Seasons Weather Transport Sport

Assessment

In Arabic, students are assessed anecdotally whilst actively participating in activities and through their identification and pronunciation of the Arabic letters and their ability to write and use them independently.

Resources

Arabic Resources include:

  • Iqra Arabic Reader Textbook Level 2
  • Iqra Arabic Reader Workbook Level 2
  • Interactive White Board
  • Posters, Flashcards, Games and Hands on activities

Benchmarks and Recommendations

By the end of Year 4, students learning Arabic are expected to be able to, identify and read words with correct pronunciation, form joint words and letters and spell familiar words correctly and show neat handwriting consistently. Year 4 students are also expected to be able to communicate projects by forming simple and some complex sentences.

 

Year 5

Overview

In Year 5, students build on their previous knowledge and there is an emphasis on forming more complex sentences in Arabic. Students describe the status of the weather using longer sentences. Year 5 students are encouraged to use more Arabic commands and sentences during class. They continue building their knowledge about long and short vowel sounds, joining the letters, forming simple and more complex sentences and using the correct grammar. Year 5 students are also taught how to write short paragraphs/stories in Arabic.

Lesson Structure

Arabic lessons typically start with the Islamic greeting, oral discussions about students’ day, the day name and the weather, followed by quick revision. Students use textbook I Learn Arabic Multi Languages Textbook Level 3, as well as an Arabic dictionary to broaden their vocabulary using the Al-Maurid Dictionary.

Scope and Sequence

The Arabic scope and sequence in the upper years lies in developing proficiency when forming simple and complex sentences relating to everyday experiences, in order to allow them to communicate more effectively.

Year 5 Arabic scope and sequence
Term 1 Term 2 Term 3 Term 4
Islamic Manners Cleanliness Role Models My Parents

Assessment

In Arabic, students are assessed anecdotally whilst actively participating in activities and through their identification and pronunciation of the Arabic letters and their ability to write and use them independently.

Resources

Arabic Resources include:

  • I Learn Arabic Multi Languages Textbook Level 3
  • Al-Maurid Dictionary
  • Interactive White Board
  • Posters, Flashcards, Games and Hands on activities

Benchmarks and Recommendations

By the end of Year 5, students learning Arabic are expected to be able to, read simple sentences with correct pronunciation, form sentences independently and show neat handwriting consistently. Year 5 students are also expected to be able to communicate projects using detailed sentences.

 

 

Year 6

Overview

In Year 6, students build on their previous knowledge and there is an emphasis on forming more complex sentences in Arabic. Students describe the status of the weather using longer sentences. Year 6 students are encouraged to use more Arabic commands and sentences during class. They continue building their knowledge about long and short vowel sounds, joining the letters, forming simple and more complex sentences and using the correct grammar. Year 6 students are also taught how to write short paragraphs/stories in Arabic.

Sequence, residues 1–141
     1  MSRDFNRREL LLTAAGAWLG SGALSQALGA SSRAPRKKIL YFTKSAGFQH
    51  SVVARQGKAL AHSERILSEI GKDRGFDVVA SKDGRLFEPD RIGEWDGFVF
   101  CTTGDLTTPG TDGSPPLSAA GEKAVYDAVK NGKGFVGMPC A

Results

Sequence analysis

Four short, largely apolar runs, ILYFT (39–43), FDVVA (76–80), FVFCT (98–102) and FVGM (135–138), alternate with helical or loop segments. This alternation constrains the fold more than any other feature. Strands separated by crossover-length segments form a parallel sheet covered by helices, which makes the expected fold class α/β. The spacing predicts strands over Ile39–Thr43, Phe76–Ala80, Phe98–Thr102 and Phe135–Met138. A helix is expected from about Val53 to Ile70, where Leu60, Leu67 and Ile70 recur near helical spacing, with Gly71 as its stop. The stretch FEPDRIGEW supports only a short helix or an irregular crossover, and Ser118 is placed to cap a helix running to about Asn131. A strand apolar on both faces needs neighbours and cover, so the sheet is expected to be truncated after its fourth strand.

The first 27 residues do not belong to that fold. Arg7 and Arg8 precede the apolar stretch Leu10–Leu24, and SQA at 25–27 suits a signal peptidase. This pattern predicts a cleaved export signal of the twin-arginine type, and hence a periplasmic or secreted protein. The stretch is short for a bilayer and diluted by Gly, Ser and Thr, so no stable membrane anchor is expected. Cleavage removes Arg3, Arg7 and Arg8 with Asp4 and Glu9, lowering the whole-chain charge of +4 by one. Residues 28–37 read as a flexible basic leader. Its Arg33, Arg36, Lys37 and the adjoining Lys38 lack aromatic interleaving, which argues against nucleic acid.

Lesson Structure

Arabic lessons typically start with Islamic greeting, oral discussions about students’ day, the day name and the weather, followed by quick revision of the previously learnt materials. Students use the textbook ‘I love and Learn the Arabic Language Textbook Level 4’, as well as an Arabic dictionary to broaden their vocabulary (Al-Maurid Dictionary).

Scope and Sequence

The Arabic scope and sequence in the upper years lies in developing proficiency when forming simple and complex sentences relating to everyday experiences, in order to allow them to communicate more effectively.

Year 6 Arabic scope and sequence
Term 1 Term 2 Term 3 Term 4
Islamic Manners Friendship Hobbies Occupation

Assessment

In Arabic, students are assessed anecdotally whilst actively participating in activities and through their identification and pronunciation of the Arabic letters and their ability to write and use them independently.

Resources

Arabic Resources include:

  • I love and Learn the Arabic Language Textbook Level 4
  • Al-Maurid Dictionary
  • Interactive White Board
  • Posters, Flashcards, Games and Hands on activities

Benchmarks and Recommendations

By the end of Year 6, students learning Arabic are expected to be able to, read simple sentences with correct pronunciation, form sentences independently and show neat handwriting consistently. Year 6 students are also expected to be able to communicate projects using detailed sentences and write short recounts.